Trying to choose between Steve Atwater, Champ Bailey and Randy Gradishar was darn near impossible. All of them played exactly 10 seasons for the Broncos, with the requisite number of All-Pro nods and Pro Bowl appearances to be up for consideration. Went Atwater here for the multiple facets of his game -- and the fact that his teams enjoyed the most success. Atwater played on three Super Bowl teams, two of which lifted the Lombardi. That's not to disparage Bailey or Gradishar. Yet, Atwater was such a key contributor to those Super Bowl teams, both in pass defense and playing the run. In fact, Atwater posted at least 100 tackles in six of his first seven seasons. And man, could he hit ...

Kansas City Chiefs: Derrick Thomas, outside linebacker.

The Chiefs possess quite a historical collection of premier defenders, with Derrick Thomas being atop a long list of deserving players. Willie Lanier was the best middle linebacker in the AFC in the 1970s. Bobby Bell redefined the athleticism of linebackers in the 1960s, eventually getting enshrined in the Pro Football Hall of Fame three years before Lanier. Art Still was a stud defensive end who struggled with injuries but was every bit the player Neil Smith was. Don't even get me started on Albert Lewis, Emmitt Thomas or Johnny Robinson. Doesn't this honor have to go to Thomas, though? Dude's insane body lean on his pass rush helped him account for well over 100 career sacks. There were games -- like an important 1994 contest versus the eventual Super Bowl champion 49ers -- where the guy refused to be blocked. Also, Thomas posted 20 sacks in just his second pro season.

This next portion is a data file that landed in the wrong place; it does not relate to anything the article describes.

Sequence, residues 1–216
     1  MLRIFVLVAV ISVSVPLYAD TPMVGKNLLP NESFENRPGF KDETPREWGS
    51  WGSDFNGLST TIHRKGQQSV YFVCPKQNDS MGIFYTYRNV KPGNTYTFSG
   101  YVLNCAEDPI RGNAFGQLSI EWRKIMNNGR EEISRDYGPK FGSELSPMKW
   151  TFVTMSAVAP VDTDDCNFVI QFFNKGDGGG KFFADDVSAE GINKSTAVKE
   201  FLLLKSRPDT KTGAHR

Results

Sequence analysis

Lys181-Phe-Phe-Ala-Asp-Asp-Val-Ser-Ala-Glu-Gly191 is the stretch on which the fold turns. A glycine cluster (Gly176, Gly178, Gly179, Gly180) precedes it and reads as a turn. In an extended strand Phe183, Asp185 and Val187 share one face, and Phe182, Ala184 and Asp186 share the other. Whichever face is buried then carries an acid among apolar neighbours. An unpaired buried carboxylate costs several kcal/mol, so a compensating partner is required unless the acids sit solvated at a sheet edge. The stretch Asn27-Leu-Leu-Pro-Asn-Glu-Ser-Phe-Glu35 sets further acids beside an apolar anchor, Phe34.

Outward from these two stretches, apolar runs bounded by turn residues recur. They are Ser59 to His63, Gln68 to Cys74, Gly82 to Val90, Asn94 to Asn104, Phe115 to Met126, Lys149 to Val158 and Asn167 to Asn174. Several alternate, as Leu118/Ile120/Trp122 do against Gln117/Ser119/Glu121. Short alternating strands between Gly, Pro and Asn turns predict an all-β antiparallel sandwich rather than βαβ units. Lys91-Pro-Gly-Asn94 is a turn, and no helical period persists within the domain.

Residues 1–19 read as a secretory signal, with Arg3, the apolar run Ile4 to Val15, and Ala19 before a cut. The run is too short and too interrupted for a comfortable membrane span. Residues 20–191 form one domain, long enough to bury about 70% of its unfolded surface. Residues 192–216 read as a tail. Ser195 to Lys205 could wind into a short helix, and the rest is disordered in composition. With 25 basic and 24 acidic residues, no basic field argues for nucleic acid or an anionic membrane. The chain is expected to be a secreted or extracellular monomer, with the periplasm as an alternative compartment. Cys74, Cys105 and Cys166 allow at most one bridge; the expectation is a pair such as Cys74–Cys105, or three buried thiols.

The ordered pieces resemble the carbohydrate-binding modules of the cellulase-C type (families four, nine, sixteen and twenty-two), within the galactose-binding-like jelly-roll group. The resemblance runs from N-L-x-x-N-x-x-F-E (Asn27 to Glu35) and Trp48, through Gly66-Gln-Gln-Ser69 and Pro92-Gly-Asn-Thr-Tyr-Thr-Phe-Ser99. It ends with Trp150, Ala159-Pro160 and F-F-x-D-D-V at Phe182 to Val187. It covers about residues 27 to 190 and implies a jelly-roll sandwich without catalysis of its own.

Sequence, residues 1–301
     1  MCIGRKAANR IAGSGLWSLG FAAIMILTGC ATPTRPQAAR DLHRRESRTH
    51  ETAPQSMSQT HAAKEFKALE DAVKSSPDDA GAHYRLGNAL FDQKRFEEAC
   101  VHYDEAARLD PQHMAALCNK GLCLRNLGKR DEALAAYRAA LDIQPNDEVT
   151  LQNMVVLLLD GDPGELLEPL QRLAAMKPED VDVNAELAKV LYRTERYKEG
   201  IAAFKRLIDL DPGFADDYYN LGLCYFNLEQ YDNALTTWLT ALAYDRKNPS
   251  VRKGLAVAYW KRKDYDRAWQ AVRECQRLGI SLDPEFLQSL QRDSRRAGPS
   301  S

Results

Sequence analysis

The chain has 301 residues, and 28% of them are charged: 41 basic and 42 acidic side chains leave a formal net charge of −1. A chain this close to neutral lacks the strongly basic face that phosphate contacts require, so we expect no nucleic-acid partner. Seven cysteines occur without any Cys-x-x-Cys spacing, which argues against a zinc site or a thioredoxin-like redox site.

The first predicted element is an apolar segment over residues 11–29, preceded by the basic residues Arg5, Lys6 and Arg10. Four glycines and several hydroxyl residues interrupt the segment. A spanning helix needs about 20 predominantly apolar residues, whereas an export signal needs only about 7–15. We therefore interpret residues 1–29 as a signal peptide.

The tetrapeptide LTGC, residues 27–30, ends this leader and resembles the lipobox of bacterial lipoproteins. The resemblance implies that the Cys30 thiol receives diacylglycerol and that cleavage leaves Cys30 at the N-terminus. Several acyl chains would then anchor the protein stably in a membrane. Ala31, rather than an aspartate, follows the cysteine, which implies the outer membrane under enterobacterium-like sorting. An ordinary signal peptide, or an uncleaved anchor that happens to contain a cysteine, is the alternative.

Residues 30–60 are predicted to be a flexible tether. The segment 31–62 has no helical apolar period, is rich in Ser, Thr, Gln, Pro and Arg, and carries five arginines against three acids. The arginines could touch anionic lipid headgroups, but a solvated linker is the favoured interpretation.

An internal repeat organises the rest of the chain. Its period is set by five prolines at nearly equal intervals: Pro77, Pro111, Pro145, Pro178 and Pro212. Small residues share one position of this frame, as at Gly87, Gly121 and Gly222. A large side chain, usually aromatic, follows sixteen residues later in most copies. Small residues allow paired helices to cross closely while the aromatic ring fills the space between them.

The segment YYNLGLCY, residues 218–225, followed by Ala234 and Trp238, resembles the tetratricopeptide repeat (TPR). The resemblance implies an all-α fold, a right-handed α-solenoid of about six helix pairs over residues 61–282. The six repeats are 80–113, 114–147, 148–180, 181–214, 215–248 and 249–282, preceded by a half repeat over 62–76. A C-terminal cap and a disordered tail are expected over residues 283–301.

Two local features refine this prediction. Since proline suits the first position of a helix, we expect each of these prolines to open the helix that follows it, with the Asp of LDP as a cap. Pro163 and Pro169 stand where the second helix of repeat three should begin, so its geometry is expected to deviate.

Oakland Raiders: Howie Long, defensive end.